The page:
Re:You might not like Prince? (1)

igotmybfg (525391) | more than 7 years ago | (#19691695)

but if you don't like Prince, you probably don't actually know much about him
Haha, what kind of a nonsensical statement is this? By analogy, if you don't like oranges, well then you probably don't know much about them. Because apparently liking something, or not, isn't a personal opinion anymore - it's a fact.

Re:You might not like Prince? (1)

captainjaroslav (893479) | more than 7 years ago | (#19691881)

Because apparently liking something, or not, isn't a personal opinion anymore - it's a fact.
Only when it comes to His Supreme Purpleness.

Industry execs have too much pride (0)

Anonymous Coward | more than 7 years ago | (#19691599)

It's like a magician revealing his tricks and the music execs not liking it. How much does it actually cost to produce music? Maybe not as much as we think.

If he's going to give it away why doesn't he put it on the net for download?

Maybe, maybe not... (1, Insightful)

Anonymous Coward | more than 7 years ago | (#19691601)

Shouldn't an artist be able to give away his own music if he wants to without fear of industry retaliation?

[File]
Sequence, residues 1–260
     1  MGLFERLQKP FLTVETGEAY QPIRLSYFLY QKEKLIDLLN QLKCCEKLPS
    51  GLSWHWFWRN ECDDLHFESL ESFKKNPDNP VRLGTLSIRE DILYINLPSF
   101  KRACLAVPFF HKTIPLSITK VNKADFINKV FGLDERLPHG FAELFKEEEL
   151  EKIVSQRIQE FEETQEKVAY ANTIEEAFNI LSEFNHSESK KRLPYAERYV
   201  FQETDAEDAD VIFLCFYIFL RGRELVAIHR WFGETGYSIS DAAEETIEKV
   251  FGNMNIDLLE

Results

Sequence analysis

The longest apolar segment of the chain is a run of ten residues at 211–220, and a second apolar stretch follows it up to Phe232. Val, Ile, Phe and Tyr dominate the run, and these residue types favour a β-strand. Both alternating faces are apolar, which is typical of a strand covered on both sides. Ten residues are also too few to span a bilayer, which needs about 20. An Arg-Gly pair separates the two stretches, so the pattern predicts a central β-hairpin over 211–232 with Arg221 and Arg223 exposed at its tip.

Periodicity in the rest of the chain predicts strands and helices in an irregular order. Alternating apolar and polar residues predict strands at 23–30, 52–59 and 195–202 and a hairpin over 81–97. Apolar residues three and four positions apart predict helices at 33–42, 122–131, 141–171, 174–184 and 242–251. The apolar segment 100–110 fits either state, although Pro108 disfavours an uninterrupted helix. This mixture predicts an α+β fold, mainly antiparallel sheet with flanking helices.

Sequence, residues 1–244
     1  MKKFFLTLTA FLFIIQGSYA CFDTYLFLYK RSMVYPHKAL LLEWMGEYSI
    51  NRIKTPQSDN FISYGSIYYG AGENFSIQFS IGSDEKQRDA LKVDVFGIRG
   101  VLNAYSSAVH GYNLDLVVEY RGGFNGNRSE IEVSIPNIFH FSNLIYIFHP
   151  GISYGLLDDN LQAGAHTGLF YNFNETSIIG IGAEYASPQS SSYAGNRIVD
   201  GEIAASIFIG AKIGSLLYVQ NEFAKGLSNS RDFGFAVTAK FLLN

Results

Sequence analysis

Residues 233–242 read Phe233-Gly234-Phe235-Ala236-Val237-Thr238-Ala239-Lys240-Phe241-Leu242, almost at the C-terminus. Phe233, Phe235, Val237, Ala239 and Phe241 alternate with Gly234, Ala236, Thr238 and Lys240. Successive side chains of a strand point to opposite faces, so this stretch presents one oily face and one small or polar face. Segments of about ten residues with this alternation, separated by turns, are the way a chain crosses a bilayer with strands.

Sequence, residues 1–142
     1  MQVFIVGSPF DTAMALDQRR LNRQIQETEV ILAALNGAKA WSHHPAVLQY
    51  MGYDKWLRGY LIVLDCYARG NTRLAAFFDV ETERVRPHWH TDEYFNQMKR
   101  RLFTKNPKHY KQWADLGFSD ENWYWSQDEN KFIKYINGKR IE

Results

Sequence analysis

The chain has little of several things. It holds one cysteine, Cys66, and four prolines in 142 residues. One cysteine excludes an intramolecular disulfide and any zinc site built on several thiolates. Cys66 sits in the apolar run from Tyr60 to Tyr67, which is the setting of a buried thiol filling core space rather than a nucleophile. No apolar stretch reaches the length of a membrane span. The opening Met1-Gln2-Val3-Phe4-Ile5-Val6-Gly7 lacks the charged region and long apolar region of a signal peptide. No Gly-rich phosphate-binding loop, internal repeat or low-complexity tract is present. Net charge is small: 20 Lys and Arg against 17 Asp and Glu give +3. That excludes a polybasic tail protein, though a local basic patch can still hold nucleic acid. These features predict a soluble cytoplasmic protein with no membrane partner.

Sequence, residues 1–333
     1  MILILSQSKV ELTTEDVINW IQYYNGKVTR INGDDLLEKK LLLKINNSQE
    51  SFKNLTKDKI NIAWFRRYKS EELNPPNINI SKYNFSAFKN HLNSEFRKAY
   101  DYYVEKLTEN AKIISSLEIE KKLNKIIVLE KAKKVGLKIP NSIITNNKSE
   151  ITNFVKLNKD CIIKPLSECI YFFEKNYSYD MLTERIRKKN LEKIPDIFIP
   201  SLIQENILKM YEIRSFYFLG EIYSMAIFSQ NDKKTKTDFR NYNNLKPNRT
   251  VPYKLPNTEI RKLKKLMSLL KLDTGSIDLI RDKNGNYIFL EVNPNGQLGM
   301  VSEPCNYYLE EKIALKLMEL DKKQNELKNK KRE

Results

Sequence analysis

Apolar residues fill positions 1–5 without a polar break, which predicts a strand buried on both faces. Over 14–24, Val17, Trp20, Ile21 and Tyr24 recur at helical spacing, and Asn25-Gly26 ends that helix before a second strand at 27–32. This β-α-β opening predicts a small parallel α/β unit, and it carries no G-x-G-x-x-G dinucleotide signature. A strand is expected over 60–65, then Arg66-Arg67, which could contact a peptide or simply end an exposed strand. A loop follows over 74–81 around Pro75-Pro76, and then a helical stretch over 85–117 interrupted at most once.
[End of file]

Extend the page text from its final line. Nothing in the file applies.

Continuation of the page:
It depends. If he signed a legally-binding contract specifically saying he would allow some company to distribute his music, then he can't give away his music. The company poured their resources into making him a famous artist. Having made their investment, it's reasonable for them to expect Prince to honor his half of the contract.

Re:Maybe, maybe not... (1)

jedidiah (1196) | more than 7 years ago | (#19691933)

...all of which is ancient history.

More likely than not, Prince doesn't owe the labels anything now. They've already made their money off of him and he should be free to pursue any new deals he see's fit. He's an artist, not a slave.

Bad Idea (1)

muindaur (925372) | more than 7 years ago | (#19691605)

This would hurt the record stores because there is an alternative for computer users with internet and they lose the business of non computer users that would have gone to their store and potentially purchased other albums. I don't beleive iTunes would refuse to carry his music and Prince could start his own label if he wanted to.